Time span for qualitative shifts of improvement

I have been discussing lately with my audiophile friends the following topic and we would be interested what you fellow GON members opinion would on this subject. What has been your experience regarding the approximate time span that it takes to replace different gear, wires, amps, pre-amps, etc., because of the evolution/revolution in older products or new pieces that the same manufacturer comes out with? The assumption is that your original piece was the best you could purchase and the new gear is a qualitative shift and not a lateral move. Please exclude either ego buying or the "flavor of the month club" in this inquiry. Do you think it takes a year, a couple of years or even longer for their to truly be a sonic difference that would mandate the expenditure of money to upgrade your system? As we all know new gear is always coming out, some people just get bored with their systems after a period of time and some fall for the hype about new stuff, but this question really revolves around real improvements and how long does it take for these qualitative shifts in your experience.
Speakers; 3-5 years

Cd Players 2-3 years

Amplifiers 10-20 years

Preamplifiers 10-20 years

Turntables 30 years

Surround Processors <1year

Hope that is what you were looking for;
In my book, the average time span would be every two week pay period. It seems that time is not necessarily the measure for qualitative shifts of improvement rather it is the amount of money one has to spend for the improvements.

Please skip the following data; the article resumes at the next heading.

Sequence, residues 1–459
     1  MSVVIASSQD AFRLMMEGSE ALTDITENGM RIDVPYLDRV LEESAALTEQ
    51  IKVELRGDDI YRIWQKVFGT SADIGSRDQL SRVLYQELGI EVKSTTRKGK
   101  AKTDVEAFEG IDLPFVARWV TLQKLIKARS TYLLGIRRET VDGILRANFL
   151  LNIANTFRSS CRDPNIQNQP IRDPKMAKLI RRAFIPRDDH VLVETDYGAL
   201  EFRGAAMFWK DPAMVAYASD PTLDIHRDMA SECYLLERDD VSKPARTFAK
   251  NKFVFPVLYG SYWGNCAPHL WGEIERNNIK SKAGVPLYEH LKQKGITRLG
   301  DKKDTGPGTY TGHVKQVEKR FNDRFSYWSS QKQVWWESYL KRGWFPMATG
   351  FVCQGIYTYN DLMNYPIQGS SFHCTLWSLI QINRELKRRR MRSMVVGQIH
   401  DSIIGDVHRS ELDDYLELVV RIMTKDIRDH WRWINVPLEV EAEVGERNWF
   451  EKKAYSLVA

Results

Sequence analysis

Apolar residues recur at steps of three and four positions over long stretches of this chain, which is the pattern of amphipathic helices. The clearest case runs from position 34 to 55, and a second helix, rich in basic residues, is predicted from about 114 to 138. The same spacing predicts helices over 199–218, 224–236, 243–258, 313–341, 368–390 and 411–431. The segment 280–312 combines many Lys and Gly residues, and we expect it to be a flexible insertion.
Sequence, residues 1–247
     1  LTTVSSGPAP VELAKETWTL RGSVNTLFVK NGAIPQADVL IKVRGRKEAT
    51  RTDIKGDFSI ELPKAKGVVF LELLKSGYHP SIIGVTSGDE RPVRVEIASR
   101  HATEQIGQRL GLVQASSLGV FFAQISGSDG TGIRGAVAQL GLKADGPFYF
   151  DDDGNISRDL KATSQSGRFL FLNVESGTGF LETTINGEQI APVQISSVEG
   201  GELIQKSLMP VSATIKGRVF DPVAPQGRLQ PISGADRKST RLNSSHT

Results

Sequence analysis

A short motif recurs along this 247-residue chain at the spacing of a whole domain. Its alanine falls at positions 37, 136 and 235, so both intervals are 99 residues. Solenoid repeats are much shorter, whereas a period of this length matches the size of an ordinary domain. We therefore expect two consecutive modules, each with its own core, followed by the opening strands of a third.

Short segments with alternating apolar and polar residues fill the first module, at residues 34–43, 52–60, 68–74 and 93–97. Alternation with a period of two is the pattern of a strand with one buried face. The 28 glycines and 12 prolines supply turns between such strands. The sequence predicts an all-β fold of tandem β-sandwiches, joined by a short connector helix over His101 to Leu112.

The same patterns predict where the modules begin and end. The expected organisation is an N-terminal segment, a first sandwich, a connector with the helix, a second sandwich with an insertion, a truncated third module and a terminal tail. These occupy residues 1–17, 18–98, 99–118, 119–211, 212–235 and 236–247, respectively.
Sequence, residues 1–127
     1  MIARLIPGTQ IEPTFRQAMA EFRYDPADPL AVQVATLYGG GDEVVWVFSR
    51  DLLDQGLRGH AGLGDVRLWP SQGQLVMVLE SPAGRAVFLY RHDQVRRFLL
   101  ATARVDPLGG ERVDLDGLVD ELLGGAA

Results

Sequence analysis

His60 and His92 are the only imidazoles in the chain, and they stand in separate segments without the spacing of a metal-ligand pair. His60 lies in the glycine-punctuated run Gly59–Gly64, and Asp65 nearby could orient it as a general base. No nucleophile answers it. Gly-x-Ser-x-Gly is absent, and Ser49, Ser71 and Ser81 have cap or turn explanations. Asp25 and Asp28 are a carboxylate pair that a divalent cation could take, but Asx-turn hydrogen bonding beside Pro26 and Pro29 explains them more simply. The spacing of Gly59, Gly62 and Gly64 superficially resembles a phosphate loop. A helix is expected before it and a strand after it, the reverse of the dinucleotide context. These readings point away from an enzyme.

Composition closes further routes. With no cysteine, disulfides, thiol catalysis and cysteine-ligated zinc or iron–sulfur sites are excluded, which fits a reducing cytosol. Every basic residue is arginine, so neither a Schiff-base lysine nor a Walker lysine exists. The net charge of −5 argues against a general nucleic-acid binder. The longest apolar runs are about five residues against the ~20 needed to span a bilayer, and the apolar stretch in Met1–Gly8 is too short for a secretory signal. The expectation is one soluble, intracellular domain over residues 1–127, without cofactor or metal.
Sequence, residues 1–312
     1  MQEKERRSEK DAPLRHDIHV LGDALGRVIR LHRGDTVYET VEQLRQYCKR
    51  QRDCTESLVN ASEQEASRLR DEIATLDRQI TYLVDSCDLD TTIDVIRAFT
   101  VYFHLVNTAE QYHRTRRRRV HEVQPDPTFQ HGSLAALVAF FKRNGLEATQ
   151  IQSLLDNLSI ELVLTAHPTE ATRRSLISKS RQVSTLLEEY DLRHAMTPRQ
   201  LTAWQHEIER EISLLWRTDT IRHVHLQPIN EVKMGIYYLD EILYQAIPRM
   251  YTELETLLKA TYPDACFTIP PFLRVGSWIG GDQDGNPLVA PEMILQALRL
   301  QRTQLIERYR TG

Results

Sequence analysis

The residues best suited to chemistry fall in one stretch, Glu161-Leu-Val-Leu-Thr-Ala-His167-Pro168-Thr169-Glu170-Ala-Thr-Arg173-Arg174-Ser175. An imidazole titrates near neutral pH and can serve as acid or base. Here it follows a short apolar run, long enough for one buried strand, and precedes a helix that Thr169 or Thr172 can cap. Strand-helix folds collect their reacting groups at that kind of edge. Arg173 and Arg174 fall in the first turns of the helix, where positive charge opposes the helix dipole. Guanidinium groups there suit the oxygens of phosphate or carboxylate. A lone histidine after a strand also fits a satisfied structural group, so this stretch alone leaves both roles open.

One could take an inexpensive CD player and replace all the paper caps and cheap wiring and such with higher quality parts and the sound will be completely different, an improvement.

Yes, current advances in technology, which I believe you are referring to as far as time span, does improve some aspects of the sound. But how would one explain the popularity of tube gear if solid state is a technological advancement? Is the new DLP, LCD, LCoS technology for video better when the old CRT picture looks superior?

It actually would depend on the listener and viewer, many people are satisfied with the mass market sound of Sony and Bose and actually believe this is new technology (because it is the latest and greatest model they have seen). Some of my friends (non-audiophiles) and relatives (wife and parents), cannot believe the money I put into my system. To each their own. If you can afford it, why not go for it!

This a good discussion but one that could last for years or at least to the next qualitative shift of improvement.